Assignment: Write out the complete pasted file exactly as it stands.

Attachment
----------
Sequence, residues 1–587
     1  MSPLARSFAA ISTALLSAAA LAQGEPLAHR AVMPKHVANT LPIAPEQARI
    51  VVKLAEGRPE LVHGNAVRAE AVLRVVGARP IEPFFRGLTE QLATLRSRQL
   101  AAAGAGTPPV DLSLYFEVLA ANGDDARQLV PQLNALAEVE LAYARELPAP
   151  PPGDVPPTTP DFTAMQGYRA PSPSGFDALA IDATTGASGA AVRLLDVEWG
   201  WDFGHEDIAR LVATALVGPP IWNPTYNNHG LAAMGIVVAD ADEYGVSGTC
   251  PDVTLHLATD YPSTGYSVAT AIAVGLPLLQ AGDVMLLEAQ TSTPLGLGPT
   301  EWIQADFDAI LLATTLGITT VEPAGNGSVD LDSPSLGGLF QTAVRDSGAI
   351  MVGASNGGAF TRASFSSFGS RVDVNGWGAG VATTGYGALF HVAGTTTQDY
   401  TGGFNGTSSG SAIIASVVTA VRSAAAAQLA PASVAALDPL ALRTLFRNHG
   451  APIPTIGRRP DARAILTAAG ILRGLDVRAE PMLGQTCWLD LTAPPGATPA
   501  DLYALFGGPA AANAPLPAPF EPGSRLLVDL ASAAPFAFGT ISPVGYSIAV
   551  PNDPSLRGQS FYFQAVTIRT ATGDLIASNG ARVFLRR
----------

Sequence, residues 1–587
     1  MSPLARSFAA ISTALLSAAA LAQGEPLAHR AVMPKHVANT LPIAPEQARI
    51  VVKLAEGRPE LVHGNAVRAE AVLRVVGARP IEPFFRGLTE QLATLRSRQL
   101  AAAGAGTPPV DLSLYFEVLA ANGDDARQLV PQLNALAEVE LAYARELPAP
   151  PPGDVPPTTP DFTAMQGYRA PSPSGFDALA IDATTGASGA AVRLLDVEWG
   201  WDFGHEDIAR LVATALVGPP IWNPTYNNHG LAAMGIVVAD ADEYGVSGTC
   251  PDVTLHLATD YPSTGYSVAT AIAVGLPLLQ AGDVMLLEAQ TSTPLGLGPT
   301  EWIQADFDAI LLATTLGITT VEPAGNGSVD LDSPSLGGLF QTAVRDSGAI
   351  MVGASNGGAF TRASFSSFGS RVDVNGWGAG VATTGYGALF HVAGTTTQDY
   401  TGGFNGTSSG SAIIASVVTA VRSAAAAQLA PASVAALDPL ALRTLFRNHG
   451  APIPTIGRRP DARAILTAAG ILRGLDVRAE PMLGQTCWLD LTAPPGATPA
   501  DLYALFGGPA AANAPLPAPF EPGSRLLVDL ASAAPFAFGT ISPVGYSIAV
   551  PNDPSLRGQS FYFQAVTIRT ATGDLIASNG ARVFLRR